THE BLOG
11/20/2014 03:40 pm ET Updated Jan 20, 2015

Office Yoga Is Good for the Company's Bottom Line

Recently, the head of a department at a large international cosmetics line contacted my office yoga company. She was looking to hire new talent in her New York City office, and in this competitive market, what interested her the most about office yoga was its ability to set her company apart from competitors. More often, companies are seeing perks like yoga, meditation, and nap rooms as a worthy investment.

Recently, I've seen a huge increase in companies seeking to bring yoga into the office purely for attracting and retaining new employees. Employee retention can be a huge part of a company's success. Finding and training new employees is an expensive task, and once you've found the perfect fit for a position in your company, it's a big loss if they leave.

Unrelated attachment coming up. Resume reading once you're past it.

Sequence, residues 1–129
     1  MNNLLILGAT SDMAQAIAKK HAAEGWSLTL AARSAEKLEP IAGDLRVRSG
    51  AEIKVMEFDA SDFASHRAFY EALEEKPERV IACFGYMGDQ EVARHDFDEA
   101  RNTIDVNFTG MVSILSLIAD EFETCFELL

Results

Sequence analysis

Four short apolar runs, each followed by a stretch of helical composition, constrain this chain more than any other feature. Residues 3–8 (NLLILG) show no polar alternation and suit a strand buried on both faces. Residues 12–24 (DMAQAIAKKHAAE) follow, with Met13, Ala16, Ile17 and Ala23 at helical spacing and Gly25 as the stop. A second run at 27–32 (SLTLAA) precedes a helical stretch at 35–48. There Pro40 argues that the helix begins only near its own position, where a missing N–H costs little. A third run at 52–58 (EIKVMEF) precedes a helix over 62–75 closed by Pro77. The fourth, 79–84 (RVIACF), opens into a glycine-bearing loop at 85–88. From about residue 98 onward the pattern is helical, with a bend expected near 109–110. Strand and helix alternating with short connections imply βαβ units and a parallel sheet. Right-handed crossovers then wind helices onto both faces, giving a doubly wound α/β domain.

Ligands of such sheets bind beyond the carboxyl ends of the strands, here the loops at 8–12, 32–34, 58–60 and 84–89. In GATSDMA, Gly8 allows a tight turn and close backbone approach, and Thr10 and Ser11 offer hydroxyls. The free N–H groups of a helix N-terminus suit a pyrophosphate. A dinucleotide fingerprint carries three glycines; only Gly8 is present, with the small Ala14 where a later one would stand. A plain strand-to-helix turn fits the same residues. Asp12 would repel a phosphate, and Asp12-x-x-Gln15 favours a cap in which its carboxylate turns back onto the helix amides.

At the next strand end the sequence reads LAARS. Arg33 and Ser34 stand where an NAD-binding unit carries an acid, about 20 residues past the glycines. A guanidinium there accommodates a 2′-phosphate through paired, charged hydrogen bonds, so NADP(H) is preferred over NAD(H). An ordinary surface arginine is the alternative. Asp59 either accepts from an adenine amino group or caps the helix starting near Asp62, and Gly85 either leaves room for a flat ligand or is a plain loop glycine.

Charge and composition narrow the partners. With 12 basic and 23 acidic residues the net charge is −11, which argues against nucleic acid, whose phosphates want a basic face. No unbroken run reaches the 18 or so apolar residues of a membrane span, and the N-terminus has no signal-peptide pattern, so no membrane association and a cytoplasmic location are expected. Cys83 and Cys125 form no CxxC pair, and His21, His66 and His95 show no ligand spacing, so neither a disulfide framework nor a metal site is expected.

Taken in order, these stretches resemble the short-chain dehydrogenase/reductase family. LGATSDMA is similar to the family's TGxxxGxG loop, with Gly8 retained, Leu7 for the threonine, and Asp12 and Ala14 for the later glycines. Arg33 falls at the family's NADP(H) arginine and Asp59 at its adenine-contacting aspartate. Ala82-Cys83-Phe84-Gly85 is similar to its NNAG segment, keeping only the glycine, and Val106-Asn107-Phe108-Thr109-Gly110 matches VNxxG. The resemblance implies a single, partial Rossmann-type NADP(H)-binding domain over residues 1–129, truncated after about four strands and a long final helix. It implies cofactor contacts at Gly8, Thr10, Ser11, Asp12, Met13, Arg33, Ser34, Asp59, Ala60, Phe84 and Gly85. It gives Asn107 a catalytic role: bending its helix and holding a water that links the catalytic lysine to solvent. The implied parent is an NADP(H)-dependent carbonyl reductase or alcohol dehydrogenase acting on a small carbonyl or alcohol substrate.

Perks like yoga, meditation, and naps can attract harder-to-find employees, like software developers and other competitive talent with multiple offers. Beyond that, these perks have real value, and studies show that yoga, meditation, and sleep measurably increase happiness. Companies are recognizing the financial benefits of offering these services.

In addition, companies are starting to recognize the value of happiness amongst their staff. When you are happy, you are more productive, healthier, and more likely to stay in your job. This study shows how happiness and productivity are correlated. By offering a very small fraction of the workday to practice balance and mindfulness, companies are investing in employee's happiness, and so much more. What a great way to increase your company's profits and improve the bottom line.

Lauren Coles is the founder of a Daisy Office Yoga. She teaches yoga and work life balance in offices across New York City.